Wisconsin Congressional Delegates responded to the Occupational Safety and Health Administration (OSHA) COVID vaccine mandate that was announced Thursday. Representative Scott Fitzgerald (R-WI-05) said in a tweet that President Joe Biden couldn’t have chosen a worse time.

Fitzgerald said, “President Biden couldn’t have picked a worse time to slap his mandate on job creators as we head into the holiday season – which depends on a robust workforce.” He said that a COVID vaccine mandate “should never be pushed on the American people.”

“Our supply chain is stretched to the breaking point, inflation is rising, and now the President has heaped another burden on Wisconsin businesses,” Fitzgerald said. “I hope the 60-day compliance period provides enough time for the courts to undo what is clearly a serious overreach by the federal government and President Biden.”

Representative Thomas Tiffany (R-WI-08) also shared his disagreement with the mandate. “Overreaching vaccine mandates are only worsening our labor shortages. The choice to get the vaccine should be up to the individual, not the federal government,” Tiffany said.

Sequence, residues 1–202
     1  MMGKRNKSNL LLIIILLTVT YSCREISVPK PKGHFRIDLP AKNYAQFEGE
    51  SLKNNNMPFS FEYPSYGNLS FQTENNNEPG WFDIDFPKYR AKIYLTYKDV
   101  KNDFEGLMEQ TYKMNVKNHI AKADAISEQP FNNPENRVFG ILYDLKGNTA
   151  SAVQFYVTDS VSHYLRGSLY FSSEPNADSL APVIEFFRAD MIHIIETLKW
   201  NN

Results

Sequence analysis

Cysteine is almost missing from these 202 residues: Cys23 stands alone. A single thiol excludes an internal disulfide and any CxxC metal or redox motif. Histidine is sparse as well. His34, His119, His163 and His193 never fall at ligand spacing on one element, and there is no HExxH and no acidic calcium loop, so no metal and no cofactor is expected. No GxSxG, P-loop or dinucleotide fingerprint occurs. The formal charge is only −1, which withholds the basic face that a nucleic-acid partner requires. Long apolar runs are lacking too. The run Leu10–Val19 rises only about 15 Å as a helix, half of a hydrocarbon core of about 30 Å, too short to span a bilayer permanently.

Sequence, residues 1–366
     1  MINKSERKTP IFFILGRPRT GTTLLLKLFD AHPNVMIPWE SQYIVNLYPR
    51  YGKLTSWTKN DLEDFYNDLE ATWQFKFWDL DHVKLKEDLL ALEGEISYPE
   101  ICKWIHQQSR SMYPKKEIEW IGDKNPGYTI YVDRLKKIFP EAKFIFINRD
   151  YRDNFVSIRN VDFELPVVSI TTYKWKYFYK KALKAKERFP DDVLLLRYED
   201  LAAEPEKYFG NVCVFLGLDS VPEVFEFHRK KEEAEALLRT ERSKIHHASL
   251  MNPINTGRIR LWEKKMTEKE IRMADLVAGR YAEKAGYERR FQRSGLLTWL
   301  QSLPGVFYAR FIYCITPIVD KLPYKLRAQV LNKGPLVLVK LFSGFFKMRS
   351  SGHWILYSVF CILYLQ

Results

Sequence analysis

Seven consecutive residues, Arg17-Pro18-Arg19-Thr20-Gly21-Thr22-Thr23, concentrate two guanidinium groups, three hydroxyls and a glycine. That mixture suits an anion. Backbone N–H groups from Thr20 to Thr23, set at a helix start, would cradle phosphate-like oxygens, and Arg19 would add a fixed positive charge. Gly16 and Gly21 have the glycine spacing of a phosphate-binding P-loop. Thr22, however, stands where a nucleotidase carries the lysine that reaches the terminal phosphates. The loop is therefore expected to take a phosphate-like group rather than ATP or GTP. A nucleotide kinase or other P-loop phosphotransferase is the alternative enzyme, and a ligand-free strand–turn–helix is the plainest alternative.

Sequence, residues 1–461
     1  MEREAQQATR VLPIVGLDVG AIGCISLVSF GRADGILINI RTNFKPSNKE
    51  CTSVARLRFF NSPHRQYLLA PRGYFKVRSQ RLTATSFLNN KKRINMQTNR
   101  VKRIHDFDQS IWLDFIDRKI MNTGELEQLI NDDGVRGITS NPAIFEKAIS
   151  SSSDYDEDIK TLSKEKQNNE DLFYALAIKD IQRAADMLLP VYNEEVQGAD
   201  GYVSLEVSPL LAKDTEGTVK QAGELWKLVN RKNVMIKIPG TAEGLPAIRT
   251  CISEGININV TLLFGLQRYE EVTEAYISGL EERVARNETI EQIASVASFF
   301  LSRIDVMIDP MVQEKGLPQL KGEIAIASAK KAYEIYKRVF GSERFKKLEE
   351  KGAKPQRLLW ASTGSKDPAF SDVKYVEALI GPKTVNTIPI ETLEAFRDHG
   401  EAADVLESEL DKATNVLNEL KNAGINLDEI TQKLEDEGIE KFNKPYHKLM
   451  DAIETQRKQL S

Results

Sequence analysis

Wisconsin’s Democrat lawmakers have been silent regarding the announcement of the OSHA COVID vaccine mandate.

Wisconsin Manufacturers and Commerce (WMC), the state’s chamber of commerce, released a statement condemning the action by OSHA. WMC said, “OSHA’s ETS will place undue and unfair burdens on businesses who have already gone to great lengths and expense to protect the health and safety of their employees. It is unfortunate that the Biden Administration is forcing employers to police the vaccination status of their employees with a rule that will regrettably intensify the workforce challenges already plaguing our economy.”

One major lawsuit against the OSHA mandate has already surfaced. The Wisconsin Institute for Law and Liberty (WILL) is suing the Biden administration in federal court, “on behalf of two Wisconsin businesses, challenging the Occupational Safety and Health Administration’s sweeping new vaccine-or-test mandate for businesses with 100 or more employees.”

The Wisconsin businesses represented by WILL in the lawsuit are Plasticraft and Tankcraft, which both employ around 200 people.

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Hayley Feland is a reporter with The Minnesota Sun and The Wisconsin Daily Star | Star News Network. Follow Hayley on Twitter or like her Facebook page. Send news tips to [email protected].